The structure of PcAA14B was solved by multiple-wavelength anomalous dispersion data recorded at the gadolinium edge, and refined at 3.0 Å resolution [7]. The core of PcAA14B structure folds into a largely antiparallel immunoglobulin-like β-sandwich, a fold globally similar to those seen in LPMOs from other families [8]. However, in contrast to the flat substrate-binding surfaces observed in AA9 LPMOs, the surface of PcAA14B has a rippled shape with a clamp formed by two prominent surface loops located at the N-terminal half of the enzyme. It is interesting to note that these loops are equivalent to the L2 and L3 loop regions in AA9 LPMOs which have been shown to be involved in LPMO-substrate interactions [9].

Family Firsts

First family member identified
AA14 from Pycnoporus coccineus [7].
First demonstration of oxidative cleavage
PcAA114A and PcAA114AB were shown to oxidatively cleave xylan chains bound to cellulose [7].
First 3-D structure
PcAA14B from P. coccineus 5NO7 [7]

References

  1. Couturier M, Navarro D, Chevret D, Henrissat B, Piumi F, Ruiz-Dueñas FJ, Martinez AT, Grigoriev IV, Riley R, Lipzen A, Berrin JG, Master ER, and Rosso MN. (2015) Enhanced degradation of softwood versus hardwood by the white-rot fungus Pycnoporus coccineus. Biotechnol Biofuels. 8, 216. DOI:10.1186/s13068-015-0407-8 | PubMed ID:26692083 | HubMed [Couturier2015]
  2. Hedegård ED and Ryde U. (2018) Molecular mechanism of lytic polysaccharide monooxygenases. Chem Sci. 9, 3866-3880. DOI:10.1039/c8sc00426a | PubMed ID:29780519 | HubMed [Hedegard2018]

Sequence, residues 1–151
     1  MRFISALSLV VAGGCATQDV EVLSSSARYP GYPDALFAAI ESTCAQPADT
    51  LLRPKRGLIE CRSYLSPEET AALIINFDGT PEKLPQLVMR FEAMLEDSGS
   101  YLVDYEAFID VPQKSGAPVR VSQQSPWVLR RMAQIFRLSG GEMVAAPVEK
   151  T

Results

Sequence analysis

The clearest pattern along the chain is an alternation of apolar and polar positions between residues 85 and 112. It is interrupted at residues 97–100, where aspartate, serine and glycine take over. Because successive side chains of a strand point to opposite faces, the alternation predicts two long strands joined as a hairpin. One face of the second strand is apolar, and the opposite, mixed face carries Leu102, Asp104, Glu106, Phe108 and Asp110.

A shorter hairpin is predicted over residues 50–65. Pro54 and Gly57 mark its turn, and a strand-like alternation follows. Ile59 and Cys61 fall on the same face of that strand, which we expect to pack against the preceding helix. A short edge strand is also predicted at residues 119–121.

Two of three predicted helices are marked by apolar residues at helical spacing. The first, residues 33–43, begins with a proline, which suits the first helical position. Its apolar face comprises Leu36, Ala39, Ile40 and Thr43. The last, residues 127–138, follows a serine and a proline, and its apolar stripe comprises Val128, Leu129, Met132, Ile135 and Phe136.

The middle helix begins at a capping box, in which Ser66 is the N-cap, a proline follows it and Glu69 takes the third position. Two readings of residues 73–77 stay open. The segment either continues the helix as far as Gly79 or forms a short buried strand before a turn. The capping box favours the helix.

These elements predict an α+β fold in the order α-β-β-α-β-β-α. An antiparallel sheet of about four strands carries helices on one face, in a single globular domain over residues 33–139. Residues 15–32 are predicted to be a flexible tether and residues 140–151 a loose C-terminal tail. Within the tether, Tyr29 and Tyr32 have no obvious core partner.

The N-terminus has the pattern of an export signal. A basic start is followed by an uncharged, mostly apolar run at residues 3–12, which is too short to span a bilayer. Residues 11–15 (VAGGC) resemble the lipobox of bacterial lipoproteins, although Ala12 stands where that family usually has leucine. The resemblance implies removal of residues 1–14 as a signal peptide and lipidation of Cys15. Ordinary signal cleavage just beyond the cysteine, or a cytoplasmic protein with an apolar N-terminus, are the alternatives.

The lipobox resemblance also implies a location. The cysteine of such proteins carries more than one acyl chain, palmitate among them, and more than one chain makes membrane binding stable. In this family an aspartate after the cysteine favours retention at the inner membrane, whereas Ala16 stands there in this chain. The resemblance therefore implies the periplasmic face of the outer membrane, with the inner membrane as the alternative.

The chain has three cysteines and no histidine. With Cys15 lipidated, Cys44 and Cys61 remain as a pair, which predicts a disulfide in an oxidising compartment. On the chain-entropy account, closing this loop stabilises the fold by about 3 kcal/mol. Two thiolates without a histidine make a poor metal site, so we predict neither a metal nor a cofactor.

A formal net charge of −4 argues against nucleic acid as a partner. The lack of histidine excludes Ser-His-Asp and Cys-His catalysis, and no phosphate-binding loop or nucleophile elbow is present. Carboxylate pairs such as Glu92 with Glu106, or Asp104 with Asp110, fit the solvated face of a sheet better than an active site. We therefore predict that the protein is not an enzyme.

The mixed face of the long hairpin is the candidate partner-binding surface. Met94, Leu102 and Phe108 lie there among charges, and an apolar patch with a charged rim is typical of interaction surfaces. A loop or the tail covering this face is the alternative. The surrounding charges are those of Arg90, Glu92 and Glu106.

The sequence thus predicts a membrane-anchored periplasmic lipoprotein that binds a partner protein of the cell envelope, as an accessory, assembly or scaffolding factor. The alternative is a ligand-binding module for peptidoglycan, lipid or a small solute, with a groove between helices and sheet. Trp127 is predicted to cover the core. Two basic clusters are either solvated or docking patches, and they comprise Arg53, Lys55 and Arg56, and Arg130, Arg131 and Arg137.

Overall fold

3. Bertini L, Breglia R, Lambrughi M, Fantucci P, De Gioia L, Borsari M, Sola M, Bortolotti CA, and Bruschi M. (2018) Catalytic Mechanism of Fungal Lytic Polysaccharide Monooxygenases Investigated by First-Principles Calculations. Inorg Chem. 57, 86-97. DOI:10.1021/acs.inorgchem.7b02005 | PubMed ID:29232119 | HubMed [Bertini2018]
  4. Bissaro B, Røhr ÅK, Müller G, Chylenski P, Skaugen M, Forsberg Z, Horn SJ, Vaaje-Kolstad G, and Eijsink VGH. (2017) Oxidative cleavage of polysaccharides by monocopper enzymes depends on H2O2. Nat Chem Biol. 13, 1123-1128. DOI:10.1038/nchembio.2470 | PubMed ID:28846668 | HubMed [Bissaro2017]
  5. Westereng B, Cannella D, Wittrup Agger J, Jørgensen H, Larsen Andersen M, Eijsink VG, and Felby C. (2015) Enzymatic cellulose oxidation is linked to lignin by long-range electron transfer. Sci Rep. 5, 18561. DOI:10.1038/srep18561 | PubMed ID:26686263 | HubMed [Westereng2015]
  6. Frandsen KE, Simmons TJ, Dupree P, Poulsen JC, Hemsworth GR, Ciano L, Johnston EM, Tovborg M, Johansen KS, von Freiesleben P, Marmuse L, Fort S, Cottaz S, Driguez H, Henrissat B, Lenfant N, Tuna F, Baldansuren A, Davies GJ, Lo Leggio L, and Walton PH. (2016) The molecular basis of polysaccharide cleavage by lytic polysaccharide monooxygenases. Nat Chem Biol. 12, 298-303. DOI:10.1038/nchembio.2029 | PubMed ID:26928935 | HubMed [Frandsen2016]
  7. Couturier M, Ladevèze S, Sulzenbacher G, Ciano L, Fanuel M, Moreau C, Villares A, Cathala B, Chaspoul F, Frandsen KE, Labourel A, Herpoël-Gimbert I, Grisel S, Haon M, Lenfant N, Rogniaux H, Ropartz D, Davies GJ, Rosso MN, Walton PH, Henrissat B, and Berrin JG. (2018) Lytic xylan oxidases from wood-decay fungi unlock biomass degradation. Nat Chem Biol. 14, 306-310. DOI:10.1038/nchembio.2558 | PubMed ID:29377002 | HubMed [Couturier2018]
  8. Tandrup T, Frandsen KEH, Johansen KS, Berrin JG, and Lo Leggio L. (2018) Recent insights into lytic polysaccharide monooxygenases (LPMOs). Biochem Soc Trans. 46, 1431-1447. DOI:10.1042/BST20170549 | PubMed ID:30381341 | HubMed [Tandrup2018]
  9. Vaaje-Kolstad G, Forsberg Z, Loose JS, Bissaro B, and Eijsink VG. (2017) Structural diversity of lytic polysaccharide monooxygenases. Curr Opin Struct Biol. 44, 67-76. DOI:10.1016/j.sbi.2016.12.012 | PubMed ID:28086105 | HubMed [Vaaje-Kolstadt2017]
All Medline abstracts: PubMed | HubMed